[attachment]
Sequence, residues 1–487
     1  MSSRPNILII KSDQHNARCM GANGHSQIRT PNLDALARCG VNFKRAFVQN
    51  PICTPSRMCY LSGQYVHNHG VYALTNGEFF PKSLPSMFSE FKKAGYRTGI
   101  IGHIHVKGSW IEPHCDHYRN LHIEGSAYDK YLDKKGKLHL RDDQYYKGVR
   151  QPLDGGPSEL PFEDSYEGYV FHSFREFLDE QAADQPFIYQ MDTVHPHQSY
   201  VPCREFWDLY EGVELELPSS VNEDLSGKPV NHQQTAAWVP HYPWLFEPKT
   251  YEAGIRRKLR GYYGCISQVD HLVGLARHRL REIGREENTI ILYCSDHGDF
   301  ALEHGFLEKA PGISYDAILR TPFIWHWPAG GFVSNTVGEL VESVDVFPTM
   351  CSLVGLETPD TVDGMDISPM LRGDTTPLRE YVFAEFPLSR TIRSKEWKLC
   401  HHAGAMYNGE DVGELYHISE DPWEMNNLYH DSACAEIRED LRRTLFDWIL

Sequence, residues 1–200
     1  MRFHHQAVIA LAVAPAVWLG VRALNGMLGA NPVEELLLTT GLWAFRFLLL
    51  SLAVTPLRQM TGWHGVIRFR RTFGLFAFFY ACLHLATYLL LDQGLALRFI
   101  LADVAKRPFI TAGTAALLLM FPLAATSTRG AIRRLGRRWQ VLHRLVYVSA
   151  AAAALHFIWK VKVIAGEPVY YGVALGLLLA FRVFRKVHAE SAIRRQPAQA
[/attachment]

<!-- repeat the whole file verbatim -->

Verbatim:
Sequence, residues 1–487
     1  MSSRPNILII KSDQHNARCM GANGHSQIRT PNLDALARCG VNFKRAFVQN
    51  PICTPSRMCY LSGQYVHNHG VYALTNGEFF PKSLPSMFSE FKKAGYRTGI
   101  IGHIHVKGSW IEPHCDHYRN LHIEGSAYDK YLDKKGKLHL RDDQYYKGVR
   151  QPLDGGPSEL PFEDSYEGYV FHSFREFLDE QAADQPFIYQ MDTVHPHQSY
   201  VPCREFWDLY EGVELELPSS VNEDLSGKPV NHQQTAAWVP HYPWLFEPKT
   251  YEAGIRRKLR GYYGCISQVD HLVGLARHRL REIGREENTI ILYCSDHGDF
   301  ALEHGFLEKA PGISYDAILR TPFIWHWPAG GFVSNTVGEL VESVDVFPTM
   351  CSLVGLETPD TVDGMDISPM LRGDTTPLRE YVFAEFPLSR TIRSKEWKLC
   401  HHAGAMYNGE DVGELYHISE DPWEMNNLYH DSACAEIRED LRRTLFDWIL

Sequence, residues 1–200
     1  MRFHHQAVIA LAVAPAVWLG VRALNGMLGA NPVEELLLTT GLWAFRFLLL
    51  SLAVTPLRQM TGWHGVIRFR RTFGLFAFFY ACLHLATYLL LDQGLALRFI
   101  LADVAKRPFI TAGTAALLLM FPLAATSTRG AIRRLGRRWQ VLHRLVYVSA
   151  AAAALHFIWK VKVIAGEPVY YGVALGLLLA FRVFRKVHAE SAIRRQPAQA